“Let's get back to the way the Senate operated for over 200 years, up or down votes on the president's nominee, no matter who the president is, no matter who's in control of the Senate” (5/22/05).
2. John Cornyn (TX)
“[F]ilibusters of judicial nominations are uniquely offensive to our nation’s constitutional design” (6/4/03).
“[M]embers of this distinguished body have long and consistently obeyed an unwritten rule not to block the confirmation of judicial nominees by filibuster. But, this Senate tradition, this unwritten rule has now been broken and it is crucial that we find a way to ensure the rule won’t be broken in the future” (6/5/03).
3. Lamar Alexander (TN)
“If there is a Democratic President and I am in this body, and if he nominates a judge, I will never vote to deny a vote on that judge” (3/11/03).
“I would never filibuster any President's judicial nominee. Period” (6/9/05).
4. John McCain (AZ)
“I’ve always believed that [judicial nominees deserve yes-or-no votes]. There has to be extraordinary circumstances to vote against them. Elections have consequences” (6/18/13).
5. Chuck Grassley (IA)
“It would be a real constitutional crisis if we up the confirmation of judges from 51 to 60” (2/11/03).
“[W]e can’t find anywhere in the Constitution that says a supermajority is needed for confirmation” (5/8/05).
6. Saxby Chambliss (GA)
“I believe [filibustering judicial nominees] is in violation of the Constitution” (4/13/05).
7. Lindsey Graham (SC)
“I think filibustering judges will destroy the judiciary over time. I think it’s unconstitutional” (5/23/05).
8. Johnny Isakson (GA)
“I will vote to support a vote, up or down, on every nominee. Understanding that, were I in the minority party and the issues reversed, I would take exactly the same position because this document, our Constitution, does not equivocate” (5/19/05).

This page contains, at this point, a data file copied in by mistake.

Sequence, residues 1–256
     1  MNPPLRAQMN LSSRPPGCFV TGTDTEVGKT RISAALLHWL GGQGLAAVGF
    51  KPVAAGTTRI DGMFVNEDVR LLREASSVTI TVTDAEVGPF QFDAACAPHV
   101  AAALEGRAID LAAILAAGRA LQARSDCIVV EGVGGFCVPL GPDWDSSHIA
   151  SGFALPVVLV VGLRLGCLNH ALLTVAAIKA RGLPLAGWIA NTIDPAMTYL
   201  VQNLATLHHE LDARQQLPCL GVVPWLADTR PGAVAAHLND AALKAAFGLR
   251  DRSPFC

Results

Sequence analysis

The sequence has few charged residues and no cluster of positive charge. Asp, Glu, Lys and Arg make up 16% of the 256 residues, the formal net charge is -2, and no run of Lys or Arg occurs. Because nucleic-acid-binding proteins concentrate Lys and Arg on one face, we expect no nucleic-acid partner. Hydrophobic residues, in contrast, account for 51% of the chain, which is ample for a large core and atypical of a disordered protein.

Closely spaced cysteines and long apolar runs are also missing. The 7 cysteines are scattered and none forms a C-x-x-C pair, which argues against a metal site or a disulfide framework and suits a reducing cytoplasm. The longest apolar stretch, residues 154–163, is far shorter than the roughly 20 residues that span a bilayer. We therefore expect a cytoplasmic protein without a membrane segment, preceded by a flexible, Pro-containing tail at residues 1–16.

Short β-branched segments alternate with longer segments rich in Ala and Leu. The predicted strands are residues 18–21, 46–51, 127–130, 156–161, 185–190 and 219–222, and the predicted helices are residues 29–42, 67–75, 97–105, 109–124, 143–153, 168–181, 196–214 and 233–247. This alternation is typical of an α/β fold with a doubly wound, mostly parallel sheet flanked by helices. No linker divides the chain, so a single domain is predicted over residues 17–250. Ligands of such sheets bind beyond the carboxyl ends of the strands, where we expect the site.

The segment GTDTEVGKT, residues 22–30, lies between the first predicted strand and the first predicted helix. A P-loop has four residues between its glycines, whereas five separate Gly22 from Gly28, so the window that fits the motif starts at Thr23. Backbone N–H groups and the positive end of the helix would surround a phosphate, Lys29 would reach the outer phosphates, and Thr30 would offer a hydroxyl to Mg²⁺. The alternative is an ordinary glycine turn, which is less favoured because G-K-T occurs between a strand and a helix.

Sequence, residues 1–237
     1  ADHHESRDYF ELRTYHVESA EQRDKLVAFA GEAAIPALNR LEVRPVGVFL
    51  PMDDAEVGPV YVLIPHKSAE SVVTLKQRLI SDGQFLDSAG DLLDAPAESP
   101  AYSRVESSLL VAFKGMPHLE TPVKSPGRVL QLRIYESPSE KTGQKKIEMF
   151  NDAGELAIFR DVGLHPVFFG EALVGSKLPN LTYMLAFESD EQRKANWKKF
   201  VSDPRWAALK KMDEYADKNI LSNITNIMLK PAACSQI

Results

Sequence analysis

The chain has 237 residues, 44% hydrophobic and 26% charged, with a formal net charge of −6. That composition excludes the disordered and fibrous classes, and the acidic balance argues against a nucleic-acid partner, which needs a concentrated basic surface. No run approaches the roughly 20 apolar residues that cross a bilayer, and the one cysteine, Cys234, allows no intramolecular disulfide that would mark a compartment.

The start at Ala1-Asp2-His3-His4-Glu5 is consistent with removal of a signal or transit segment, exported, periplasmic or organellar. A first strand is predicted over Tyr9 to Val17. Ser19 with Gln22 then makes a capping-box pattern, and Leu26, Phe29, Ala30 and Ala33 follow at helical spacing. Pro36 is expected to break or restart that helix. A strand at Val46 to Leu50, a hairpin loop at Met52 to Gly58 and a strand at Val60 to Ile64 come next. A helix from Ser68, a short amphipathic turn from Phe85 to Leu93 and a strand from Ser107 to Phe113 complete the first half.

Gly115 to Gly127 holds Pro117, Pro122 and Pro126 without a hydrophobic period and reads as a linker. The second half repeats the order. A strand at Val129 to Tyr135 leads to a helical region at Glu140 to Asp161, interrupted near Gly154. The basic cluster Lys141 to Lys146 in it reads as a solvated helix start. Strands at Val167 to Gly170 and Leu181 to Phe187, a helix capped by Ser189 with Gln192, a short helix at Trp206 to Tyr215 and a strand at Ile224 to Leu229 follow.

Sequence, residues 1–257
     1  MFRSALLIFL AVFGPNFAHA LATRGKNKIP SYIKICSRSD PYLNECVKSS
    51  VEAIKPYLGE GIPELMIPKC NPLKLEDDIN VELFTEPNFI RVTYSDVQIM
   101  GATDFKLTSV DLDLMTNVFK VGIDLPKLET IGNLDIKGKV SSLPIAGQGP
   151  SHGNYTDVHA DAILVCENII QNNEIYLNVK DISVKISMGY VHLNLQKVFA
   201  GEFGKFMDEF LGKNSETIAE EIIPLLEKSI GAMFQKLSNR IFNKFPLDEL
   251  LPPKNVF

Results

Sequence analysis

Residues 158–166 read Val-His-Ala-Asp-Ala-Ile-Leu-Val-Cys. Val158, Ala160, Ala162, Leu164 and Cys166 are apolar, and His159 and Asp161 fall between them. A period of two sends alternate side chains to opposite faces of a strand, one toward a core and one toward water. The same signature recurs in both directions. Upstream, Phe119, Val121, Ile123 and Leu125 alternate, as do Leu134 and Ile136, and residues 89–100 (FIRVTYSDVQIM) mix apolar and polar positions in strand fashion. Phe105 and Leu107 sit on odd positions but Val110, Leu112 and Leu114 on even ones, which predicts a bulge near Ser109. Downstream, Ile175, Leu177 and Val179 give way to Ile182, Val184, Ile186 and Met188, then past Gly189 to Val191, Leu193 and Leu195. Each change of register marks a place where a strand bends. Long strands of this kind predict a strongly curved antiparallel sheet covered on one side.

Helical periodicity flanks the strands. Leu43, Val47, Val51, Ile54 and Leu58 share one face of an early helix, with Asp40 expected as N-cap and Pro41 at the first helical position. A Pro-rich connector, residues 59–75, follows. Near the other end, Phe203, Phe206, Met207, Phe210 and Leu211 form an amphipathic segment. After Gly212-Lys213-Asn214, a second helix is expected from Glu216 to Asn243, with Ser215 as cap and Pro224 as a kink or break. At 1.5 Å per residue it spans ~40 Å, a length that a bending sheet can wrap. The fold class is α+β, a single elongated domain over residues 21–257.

9. James Inhofe (OK)
“This outrageous grab for power by the Senate minority is wrong and contrary to our oath to support and defend the Constitution” (3/11/03).
10. Mike Crapo (ID)
“[T]he Constitution requires the Senate to hold up-or-down votes on all nominees” (5/25/05).
11 . Richard Shelby (AL)
“Why not allow the President to do his job of selecting judicial nominees and let us do our job in confirming or denying them? Principles of fairness call for it and the Constitution requires it” (11/12/03).
12. Orrin Hatch (UT)*
Filibustering judicial nominees is “unfair, dangerous, partisan, and unconstitutional” (1/12/05).
*Hatch claims he still opposes filibusters of judicial nominees and often votes “present” instead of “no” on cloture votes. But as Drew noted: “Because ending a filibuster requires 60 ‘yes’ votes, voting ‘present’ is identical to voting ‘no.’ Hatch’s decision to vote ‘present’ is an affirmative decision to continue the filibuster.”
Senate Democrats are looking increasingly serious about the possibility of changing the Senate rules to permit a 51-vote majority to end debate on nominees to the executive branch and lower federal courts – the so-called “nuclear option.” The move would come after Senate Republicans abused the filibuster to block votes on all three of President Obama’s nominees to fill vacancies on the U.S. Court of Appeals for the District of Columbia Circuit.
The D.C. Circuit nominees are among 17 federal judicial nominees currently waiting for Senate floor votes. Thirteen of these have been waiting for three weeks or longer; two have been waiting for over 100 days.
And the blanket filibuster of D.C. Circuit nominees is just the latest in the GOP’s onslaught of unprecedented obstruction under President Obama. Here are four charts showing just how far Republican obstruction has gone in the Obama administration.
Failed to confirm one-quarter of President Obama’s judicial nominees.
At this point in President Bush’s term, the Senate had confirmed 91 percent of his nominees to the lower federal courts. As of today, the Senate has confirmed just 76 percent of President Obama’s nominees. Those left out include the 17 nominees still waiting patiently for yes-or-no confirmation votes, as well as many nominees who have been forced to withdraw their nominations after meeting a wall of GOP obstruction. Unquestionably qualified nominees forced to withdraw their names include D.C. Circuit nominee Caitlin Halligan, Ninth Circuit nominee Goodwin Liu and Nevada District Court nominee Elissa Cadish.
The unconfirmed 26 percent also includes nominees who have met with Republican obstruction before even getting a hearing from the Senate Judiciary Committee. Because committee chairman Patrick Leahy won’t schedule a hearing on a nominee until both of that nominee’s home-state senators return “blue slips” signaling their approval for starting the process, Republicans can hold up the confirmation process before it even starts simply by refusing to return a “blue slip.” One example is Georgia senators Saxby Chambliss and Johnny Isakson’s year-and-a-half-long (and counting) blockade of Eleventh Circuit nominee Jill Pryor, whom they previously found qualified for a district court judgeship.
Stonewalled the D.C. Circuit.